Yellowstone in Winter

The Lower Falls are visible in the Grand Canyon of the Yellowstone from Artist Point in Yellowstone National Park on Feb. 21.

Visitation numbers for the 2021 to 2022 season have yet to be aggregated, but anecdotally, West Yellowstone has continued to enjoy increasing winter visitation.

“This winter and last we have seen a noticeable increase in winter recreation and visitation,” said Katrina Wiese, president and CEO of West Yellowstone Chamber of Commerce.

Even with the first-ever cancellation of the Ski Festival that’s held annually over Thanksgiving, West Yellowstone was less impacted than expected, Wiese said.

Though there wasn’t enough snow for the festival, just enough snow covered the ground for college ski teams to descend upon the trails, partly because West Yellowstone had the only snow in the region.

When it comes to shortening winter season, it’s something Wiese says is always in the back of the minds of Chamber members, but there is no contingency plan in place for low or slow snow years that could impact the economic health of the community.


Xanterra, one of five concessionaires in the park, has made major investments in adapting to unpredictable snow levels.

“It used to be that we could bank on quality snow, but we can’t anymore” said Dylan Hoffman, director of sustainability for the company.

The company’s once tracked snow coaches now sport huge, fat rubber tires that can run smoothly both on snow and over pavement. And if push comes to shove, Xanterra will use its summer vehicles during the shoulder seasons.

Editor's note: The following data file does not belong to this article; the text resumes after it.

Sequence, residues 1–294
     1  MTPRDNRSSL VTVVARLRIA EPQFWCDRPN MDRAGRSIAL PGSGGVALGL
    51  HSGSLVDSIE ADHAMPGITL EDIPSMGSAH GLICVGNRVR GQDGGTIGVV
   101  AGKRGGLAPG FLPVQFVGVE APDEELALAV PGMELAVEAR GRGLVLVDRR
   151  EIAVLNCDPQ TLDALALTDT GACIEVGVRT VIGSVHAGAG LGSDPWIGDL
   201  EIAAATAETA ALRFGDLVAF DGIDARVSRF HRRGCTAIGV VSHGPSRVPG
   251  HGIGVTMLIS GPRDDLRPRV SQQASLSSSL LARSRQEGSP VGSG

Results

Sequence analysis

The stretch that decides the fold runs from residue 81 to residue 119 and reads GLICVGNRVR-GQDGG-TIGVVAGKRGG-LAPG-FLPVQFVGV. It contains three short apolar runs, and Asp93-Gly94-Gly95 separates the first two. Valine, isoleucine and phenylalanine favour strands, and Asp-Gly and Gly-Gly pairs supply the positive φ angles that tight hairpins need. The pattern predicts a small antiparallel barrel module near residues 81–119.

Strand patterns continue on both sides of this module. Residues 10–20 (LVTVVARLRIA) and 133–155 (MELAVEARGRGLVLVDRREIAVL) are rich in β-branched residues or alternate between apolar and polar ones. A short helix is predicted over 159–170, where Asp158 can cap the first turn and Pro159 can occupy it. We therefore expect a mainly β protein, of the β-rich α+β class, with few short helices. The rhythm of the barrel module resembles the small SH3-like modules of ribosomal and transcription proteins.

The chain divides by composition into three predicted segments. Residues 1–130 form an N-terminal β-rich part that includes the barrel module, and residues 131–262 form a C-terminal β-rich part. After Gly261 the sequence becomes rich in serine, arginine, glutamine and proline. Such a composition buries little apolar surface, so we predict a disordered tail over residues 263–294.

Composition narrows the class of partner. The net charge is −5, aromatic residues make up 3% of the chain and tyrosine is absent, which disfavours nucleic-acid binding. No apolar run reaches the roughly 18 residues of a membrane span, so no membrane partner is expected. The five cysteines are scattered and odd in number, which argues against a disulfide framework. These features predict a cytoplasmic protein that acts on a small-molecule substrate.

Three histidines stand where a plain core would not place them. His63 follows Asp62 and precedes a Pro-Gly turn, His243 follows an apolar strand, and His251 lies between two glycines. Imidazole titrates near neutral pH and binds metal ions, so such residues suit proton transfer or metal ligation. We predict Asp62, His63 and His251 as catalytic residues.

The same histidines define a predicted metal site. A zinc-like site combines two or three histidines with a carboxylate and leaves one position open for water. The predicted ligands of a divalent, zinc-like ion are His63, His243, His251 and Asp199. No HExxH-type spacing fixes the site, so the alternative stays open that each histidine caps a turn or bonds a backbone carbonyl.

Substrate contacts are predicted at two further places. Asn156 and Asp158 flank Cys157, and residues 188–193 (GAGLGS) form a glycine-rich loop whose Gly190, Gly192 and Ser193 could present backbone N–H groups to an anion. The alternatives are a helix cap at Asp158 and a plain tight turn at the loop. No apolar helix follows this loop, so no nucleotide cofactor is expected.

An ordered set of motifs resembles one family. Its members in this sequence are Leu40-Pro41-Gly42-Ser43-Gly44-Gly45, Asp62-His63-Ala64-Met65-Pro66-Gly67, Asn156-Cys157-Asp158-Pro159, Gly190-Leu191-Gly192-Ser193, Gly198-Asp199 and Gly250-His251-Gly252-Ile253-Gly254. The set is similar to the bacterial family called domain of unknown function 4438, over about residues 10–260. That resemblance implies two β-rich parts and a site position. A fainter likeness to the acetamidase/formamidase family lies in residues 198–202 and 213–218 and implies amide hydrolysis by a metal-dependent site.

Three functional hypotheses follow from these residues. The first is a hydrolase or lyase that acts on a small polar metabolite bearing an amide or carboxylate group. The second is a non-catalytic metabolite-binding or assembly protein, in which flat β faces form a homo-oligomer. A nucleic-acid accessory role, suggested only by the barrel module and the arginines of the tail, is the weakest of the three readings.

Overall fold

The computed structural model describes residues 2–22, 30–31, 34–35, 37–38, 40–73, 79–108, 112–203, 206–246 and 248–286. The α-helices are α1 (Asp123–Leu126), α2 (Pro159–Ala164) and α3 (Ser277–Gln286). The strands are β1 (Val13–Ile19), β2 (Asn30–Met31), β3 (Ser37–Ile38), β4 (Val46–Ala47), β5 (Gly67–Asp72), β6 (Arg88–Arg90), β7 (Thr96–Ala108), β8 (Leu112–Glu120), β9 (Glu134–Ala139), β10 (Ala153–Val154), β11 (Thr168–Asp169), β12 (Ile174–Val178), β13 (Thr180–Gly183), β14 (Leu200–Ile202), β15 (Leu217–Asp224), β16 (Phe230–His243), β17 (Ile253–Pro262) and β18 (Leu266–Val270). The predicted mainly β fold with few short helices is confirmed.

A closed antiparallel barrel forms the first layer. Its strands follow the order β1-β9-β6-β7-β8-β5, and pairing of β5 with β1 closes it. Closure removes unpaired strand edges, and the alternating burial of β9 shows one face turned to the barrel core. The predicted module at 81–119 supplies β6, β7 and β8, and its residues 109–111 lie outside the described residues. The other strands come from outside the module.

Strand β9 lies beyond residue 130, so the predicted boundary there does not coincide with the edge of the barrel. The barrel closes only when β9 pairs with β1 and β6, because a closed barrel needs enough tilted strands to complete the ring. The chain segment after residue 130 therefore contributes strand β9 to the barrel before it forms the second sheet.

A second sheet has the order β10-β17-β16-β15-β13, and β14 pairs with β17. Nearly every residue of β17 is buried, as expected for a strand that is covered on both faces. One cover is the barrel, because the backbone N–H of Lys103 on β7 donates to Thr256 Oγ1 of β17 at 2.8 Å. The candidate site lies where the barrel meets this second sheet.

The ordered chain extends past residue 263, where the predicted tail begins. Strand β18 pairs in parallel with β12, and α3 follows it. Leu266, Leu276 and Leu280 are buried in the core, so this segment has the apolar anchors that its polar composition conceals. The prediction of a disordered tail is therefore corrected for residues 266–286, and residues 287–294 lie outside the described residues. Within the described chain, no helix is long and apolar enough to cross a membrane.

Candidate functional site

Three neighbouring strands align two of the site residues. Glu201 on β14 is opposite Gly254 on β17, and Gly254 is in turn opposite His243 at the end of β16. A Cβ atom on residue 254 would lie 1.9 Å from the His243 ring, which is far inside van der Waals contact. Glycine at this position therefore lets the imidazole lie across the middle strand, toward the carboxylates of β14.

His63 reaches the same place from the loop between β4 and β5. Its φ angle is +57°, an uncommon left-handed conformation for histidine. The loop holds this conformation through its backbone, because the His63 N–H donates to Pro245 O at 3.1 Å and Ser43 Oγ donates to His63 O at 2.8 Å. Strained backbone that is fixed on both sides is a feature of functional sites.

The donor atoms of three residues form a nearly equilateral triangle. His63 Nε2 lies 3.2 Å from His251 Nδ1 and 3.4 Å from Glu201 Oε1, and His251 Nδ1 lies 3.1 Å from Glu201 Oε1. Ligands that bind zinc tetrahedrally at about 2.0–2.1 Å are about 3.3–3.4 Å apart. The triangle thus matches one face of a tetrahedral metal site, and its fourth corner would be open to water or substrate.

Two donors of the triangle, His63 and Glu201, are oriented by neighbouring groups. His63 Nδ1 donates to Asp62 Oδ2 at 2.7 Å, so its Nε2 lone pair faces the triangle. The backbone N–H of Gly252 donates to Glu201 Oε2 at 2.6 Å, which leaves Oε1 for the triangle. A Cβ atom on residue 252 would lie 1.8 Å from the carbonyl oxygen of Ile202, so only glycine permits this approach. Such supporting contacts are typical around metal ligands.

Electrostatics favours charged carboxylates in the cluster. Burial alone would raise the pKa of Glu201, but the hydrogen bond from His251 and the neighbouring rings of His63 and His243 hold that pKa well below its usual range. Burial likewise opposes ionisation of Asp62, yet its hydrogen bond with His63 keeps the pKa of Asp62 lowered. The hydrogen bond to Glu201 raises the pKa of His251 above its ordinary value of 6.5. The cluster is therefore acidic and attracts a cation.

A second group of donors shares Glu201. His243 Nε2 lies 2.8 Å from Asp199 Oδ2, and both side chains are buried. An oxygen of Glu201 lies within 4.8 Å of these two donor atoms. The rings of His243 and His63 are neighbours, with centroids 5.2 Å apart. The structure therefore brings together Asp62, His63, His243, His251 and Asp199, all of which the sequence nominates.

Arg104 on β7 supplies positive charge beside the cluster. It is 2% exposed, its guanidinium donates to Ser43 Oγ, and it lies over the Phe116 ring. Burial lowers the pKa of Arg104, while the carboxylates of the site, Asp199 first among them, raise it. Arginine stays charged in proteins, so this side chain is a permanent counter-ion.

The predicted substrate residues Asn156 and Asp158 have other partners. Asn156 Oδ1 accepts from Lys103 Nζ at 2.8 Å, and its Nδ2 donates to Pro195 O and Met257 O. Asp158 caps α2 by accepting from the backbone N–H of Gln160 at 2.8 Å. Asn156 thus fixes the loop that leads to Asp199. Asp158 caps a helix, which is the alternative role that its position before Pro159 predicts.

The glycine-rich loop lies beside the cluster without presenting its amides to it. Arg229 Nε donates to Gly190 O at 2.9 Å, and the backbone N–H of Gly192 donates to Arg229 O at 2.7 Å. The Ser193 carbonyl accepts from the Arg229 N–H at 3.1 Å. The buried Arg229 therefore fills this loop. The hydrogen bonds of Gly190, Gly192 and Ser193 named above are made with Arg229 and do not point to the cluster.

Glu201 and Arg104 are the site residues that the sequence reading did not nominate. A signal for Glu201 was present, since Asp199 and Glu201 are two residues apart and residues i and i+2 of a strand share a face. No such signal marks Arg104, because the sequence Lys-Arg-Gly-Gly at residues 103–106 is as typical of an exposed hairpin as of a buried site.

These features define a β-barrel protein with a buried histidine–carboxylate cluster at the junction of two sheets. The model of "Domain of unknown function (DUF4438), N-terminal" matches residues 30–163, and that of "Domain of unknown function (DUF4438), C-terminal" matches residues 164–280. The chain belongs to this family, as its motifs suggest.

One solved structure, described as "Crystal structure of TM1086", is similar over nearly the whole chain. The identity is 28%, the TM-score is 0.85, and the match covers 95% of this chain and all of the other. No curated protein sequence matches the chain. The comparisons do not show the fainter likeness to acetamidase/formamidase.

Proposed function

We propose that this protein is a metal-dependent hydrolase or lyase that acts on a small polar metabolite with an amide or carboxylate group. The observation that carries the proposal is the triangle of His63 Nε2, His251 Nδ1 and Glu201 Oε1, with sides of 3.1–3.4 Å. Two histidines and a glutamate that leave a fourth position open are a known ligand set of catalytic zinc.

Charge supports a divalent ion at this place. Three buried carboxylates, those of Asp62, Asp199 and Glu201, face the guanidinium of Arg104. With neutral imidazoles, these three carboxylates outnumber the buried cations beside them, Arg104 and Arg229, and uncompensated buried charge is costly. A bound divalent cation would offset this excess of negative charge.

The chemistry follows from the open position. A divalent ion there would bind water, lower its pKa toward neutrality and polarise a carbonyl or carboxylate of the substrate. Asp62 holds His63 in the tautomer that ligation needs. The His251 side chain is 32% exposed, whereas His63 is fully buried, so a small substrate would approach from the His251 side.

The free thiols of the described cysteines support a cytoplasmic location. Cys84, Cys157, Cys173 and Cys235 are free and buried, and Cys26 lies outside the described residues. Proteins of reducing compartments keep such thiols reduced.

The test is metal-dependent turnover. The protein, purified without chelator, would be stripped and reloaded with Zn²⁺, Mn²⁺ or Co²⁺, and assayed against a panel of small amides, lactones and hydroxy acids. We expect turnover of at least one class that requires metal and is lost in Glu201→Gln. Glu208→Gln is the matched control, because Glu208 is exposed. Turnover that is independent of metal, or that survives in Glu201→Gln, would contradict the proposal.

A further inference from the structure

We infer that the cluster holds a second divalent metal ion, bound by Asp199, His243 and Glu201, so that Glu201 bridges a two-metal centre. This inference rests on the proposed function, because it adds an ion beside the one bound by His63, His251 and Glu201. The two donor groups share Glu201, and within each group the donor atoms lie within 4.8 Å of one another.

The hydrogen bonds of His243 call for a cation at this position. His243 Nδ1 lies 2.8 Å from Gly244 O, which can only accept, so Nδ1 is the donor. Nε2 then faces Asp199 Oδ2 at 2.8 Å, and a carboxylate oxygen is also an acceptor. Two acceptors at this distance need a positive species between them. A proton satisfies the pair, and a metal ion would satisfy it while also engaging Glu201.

But through the lens of a hospitality company, Hoffman considers the visitor experience in Yellowstone forever changed due to rising temperatures. It’s a conversation their guides extend to visitors.

When traveling to Yellowstone, the snow accumulation and snow pack is the common denominator of nearly every visit from skiing to snowmobiling to fishing. Even for those specifically seeking the wildlife, snow plays a major role.

From the seat of a snowmobile at least 100 yards off, everyone could spot the narrow snouts and greyish yellow coats of two coyotes flitting lightly across the snow. It’s mating season for wild dogs, explained the guide.

Yellowstone in Winter

A snowcoach stops next to Beryl Spring in Yellowstone National Park on Feb. 21, 2022.

During any other season, the multicolored coats would act as camouflage in the brush, but against the snow their movements are clear even to the unaided eye.

Impacts of low snowpack and earlier melt also trickles down into other seasons. With snow melting earlier, streams and rivers throughout the summer are warming and water levels are lower, impacting fish populations.

Though levels of precipitation will remain relatively consistent, warming temperatures means there will be more rain instead of snow and moisture will evaporate more quickly, leaving ecosystems parched of water and susceptible to invasive species and frequent, hot wildfires.

“Climate change can be this nebulous concept of something that is happening elsewhere, but in Yellowstone we see the signs … Yellowstone is already being changed by climate change,” Hoffman said.

But he added that the signs are a good wake up call to those who visit from all over the world, and the extra attention on the park this year for its 150th birthday is a time for all to think critically about the world we live in.

“(This year), Yellowstone turns 150 years old. While that’s notable on a lot of levels, we can all use the extra coverage to remember that this place is available for the benefit and enjoyment of the people and for future generations. Take a pause to celebrate but (also) to remember that continuing this legacy is of critical importance,” Hoffman said.